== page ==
Three months ago I wrote about experiencing Chris Watson's tranquil Lindisfarne soundscape installation at Durham cathedral. Earlier this week I was in Sheffield, 'inside the circle of fire', surrounded by a 20-speaker ambisonic system, listening to Watson's soundmap of the city. Projected around me on the walls of the Millenium Gallery were a sequence of black and white images: remnants of industry and old machines, woods in low sunlight, moorland and river banks. Listening over the course of half an hour, impressions of nature and urban space began to blend together: bird song starts to sound insistent like machinery and the rumble of the streets feels like the premonition of a storm. Water is a constant presence and in the video clip above, Watson talks about how he thought abou the work in terms of Sheffield's network of rivers. In another interview for The Guardian, he reflects on the relative silence of the modern city: "There's still this huge, vast, steelworks called Forgemasters who allowed me in, and what's interesting in there, in a perverse way, is how quiet it is now because it's very much an automated process. This history in Sheffield of people hearing these vast, steam-driven hammers, hammering out steel echoing down the Don Valley, that's certainly gone now. The steel mills are still active, to some extent, but they are now much quieter."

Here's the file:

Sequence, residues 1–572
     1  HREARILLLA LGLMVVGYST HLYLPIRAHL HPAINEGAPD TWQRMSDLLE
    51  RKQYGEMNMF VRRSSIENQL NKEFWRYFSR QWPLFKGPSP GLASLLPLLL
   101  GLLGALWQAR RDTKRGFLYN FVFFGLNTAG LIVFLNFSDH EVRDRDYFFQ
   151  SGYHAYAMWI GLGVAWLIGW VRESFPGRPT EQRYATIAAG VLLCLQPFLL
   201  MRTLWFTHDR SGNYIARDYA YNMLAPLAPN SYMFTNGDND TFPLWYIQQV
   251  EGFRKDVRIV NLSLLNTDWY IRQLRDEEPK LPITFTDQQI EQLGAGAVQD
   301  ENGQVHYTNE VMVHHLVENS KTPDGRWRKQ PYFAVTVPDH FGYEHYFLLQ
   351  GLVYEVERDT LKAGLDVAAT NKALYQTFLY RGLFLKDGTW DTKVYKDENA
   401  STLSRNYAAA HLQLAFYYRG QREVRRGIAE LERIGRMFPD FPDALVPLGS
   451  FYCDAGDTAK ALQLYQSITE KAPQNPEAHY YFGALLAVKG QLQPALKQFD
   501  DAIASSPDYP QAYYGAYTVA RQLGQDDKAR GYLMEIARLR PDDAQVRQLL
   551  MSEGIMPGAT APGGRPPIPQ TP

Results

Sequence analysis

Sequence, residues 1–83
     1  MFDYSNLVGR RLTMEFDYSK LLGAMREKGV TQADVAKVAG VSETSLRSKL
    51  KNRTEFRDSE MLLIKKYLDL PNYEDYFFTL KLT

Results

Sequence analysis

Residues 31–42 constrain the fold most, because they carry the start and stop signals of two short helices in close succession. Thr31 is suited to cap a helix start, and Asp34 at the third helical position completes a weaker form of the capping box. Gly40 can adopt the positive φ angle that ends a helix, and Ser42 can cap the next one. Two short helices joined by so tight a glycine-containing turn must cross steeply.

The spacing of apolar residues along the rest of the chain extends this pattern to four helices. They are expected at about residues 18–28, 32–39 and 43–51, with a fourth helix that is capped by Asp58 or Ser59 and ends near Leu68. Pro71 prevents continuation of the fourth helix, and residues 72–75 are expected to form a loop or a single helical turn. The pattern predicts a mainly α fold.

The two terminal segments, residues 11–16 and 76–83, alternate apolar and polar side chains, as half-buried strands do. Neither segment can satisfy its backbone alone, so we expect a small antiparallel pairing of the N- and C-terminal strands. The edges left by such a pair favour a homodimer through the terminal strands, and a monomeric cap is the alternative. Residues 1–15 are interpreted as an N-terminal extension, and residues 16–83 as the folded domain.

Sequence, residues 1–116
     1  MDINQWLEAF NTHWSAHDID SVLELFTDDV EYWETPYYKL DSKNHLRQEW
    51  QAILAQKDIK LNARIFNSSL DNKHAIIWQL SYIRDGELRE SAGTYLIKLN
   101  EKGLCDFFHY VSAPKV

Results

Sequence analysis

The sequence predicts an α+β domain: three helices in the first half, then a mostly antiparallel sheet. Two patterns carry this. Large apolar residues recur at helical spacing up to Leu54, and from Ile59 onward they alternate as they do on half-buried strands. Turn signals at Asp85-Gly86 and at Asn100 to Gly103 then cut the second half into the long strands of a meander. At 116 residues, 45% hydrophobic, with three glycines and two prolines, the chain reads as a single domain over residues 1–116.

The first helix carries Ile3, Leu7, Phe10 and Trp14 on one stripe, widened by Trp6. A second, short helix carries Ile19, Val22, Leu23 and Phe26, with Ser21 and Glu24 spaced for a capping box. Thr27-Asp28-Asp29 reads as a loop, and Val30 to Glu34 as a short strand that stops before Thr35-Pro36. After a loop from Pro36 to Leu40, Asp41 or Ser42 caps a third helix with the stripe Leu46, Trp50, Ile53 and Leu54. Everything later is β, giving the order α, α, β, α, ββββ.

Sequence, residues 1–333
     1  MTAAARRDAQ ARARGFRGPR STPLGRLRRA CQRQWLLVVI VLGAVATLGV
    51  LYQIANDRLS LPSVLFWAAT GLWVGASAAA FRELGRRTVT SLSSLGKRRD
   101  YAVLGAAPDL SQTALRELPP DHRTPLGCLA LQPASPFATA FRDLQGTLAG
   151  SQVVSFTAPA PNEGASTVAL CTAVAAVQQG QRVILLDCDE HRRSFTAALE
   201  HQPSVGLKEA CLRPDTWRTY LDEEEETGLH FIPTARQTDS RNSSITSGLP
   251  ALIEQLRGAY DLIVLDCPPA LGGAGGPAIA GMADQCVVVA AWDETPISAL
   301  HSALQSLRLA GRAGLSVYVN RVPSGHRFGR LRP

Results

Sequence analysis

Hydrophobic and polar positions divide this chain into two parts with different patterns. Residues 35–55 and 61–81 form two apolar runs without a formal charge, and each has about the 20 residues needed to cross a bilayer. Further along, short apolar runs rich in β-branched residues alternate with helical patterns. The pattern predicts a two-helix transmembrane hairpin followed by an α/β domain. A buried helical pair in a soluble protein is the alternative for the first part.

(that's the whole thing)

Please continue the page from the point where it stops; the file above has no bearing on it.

In the second of his Reith lectures last week, Grayson Perry suggested that one of the reasons Christian Marclay's The Clock has received such universal acclaim is that gallery goers have been able to view it on comfy seats. As you can see from the phone photo I took, Inside the Circle of Fire has a little circle of sofas and cushions in which you sit in slightly uncomfortable intimacy with people, not talking. In this setting it was odd to listen to the extraordinary communal singing recorded at Sheffield United: a rousing rendition of their anthem 'The Greasy Chip Butty Song' ("You fill up my senses / like a gallon of Magnet...") These euphoric crowd sounds gave way to the twenty-first century version of Pierre Shaeffer's Étude aux chemins de fer: bland recorded announcements playing over the constant motion of passengers at Sheffield station. A low sound that I couldn't make out then began to vibrate my seat whilst I tried to identify the source of some gentle music audible in the distance. Both eventually faded to leave the song of a solitary bird, which was in turn overtaken by the sounds of wind, rain and thunder. Sadly I had to leave at this point, but I see from The Guardian that 'the journey ends in a huge, echoing storm drain below the city's railway station' which I must have been sitting above, waiting for the train to take me back to London.